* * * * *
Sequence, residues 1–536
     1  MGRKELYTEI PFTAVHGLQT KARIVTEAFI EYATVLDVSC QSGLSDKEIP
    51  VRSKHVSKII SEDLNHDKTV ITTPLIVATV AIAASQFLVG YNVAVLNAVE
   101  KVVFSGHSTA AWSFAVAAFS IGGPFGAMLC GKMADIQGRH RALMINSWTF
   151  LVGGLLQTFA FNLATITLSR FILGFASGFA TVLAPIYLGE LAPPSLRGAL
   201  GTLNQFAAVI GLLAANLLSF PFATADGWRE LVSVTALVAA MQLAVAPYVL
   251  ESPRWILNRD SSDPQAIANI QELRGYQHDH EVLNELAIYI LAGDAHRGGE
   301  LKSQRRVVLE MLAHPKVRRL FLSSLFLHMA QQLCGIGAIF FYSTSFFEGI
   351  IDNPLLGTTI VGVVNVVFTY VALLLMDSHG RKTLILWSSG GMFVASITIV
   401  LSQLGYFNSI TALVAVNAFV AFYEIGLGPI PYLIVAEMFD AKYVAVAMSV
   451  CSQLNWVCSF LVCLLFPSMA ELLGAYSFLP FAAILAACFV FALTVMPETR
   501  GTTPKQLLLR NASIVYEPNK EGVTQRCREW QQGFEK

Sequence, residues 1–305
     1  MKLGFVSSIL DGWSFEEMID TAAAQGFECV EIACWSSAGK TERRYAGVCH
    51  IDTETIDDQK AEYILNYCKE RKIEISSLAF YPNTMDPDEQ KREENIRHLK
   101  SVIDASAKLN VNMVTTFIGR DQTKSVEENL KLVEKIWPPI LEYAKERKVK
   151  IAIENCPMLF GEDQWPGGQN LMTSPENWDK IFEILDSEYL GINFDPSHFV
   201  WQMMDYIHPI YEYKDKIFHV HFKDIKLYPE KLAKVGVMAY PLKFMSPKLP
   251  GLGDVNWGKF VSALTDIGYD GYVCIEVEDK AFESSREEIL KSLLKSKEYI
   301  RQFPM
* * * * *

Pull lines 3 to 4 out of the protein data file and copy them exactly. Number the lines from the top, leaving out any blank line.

    51  VRSKHVSKII SEDLNHDKTV ITTPLIVATV AIAASQFLVG YNVAVLNAVE
   101  KVVFSGHSTA AWSFAVAAFS IGGPFGAMLC GKMADIQGRH RALMINSWTF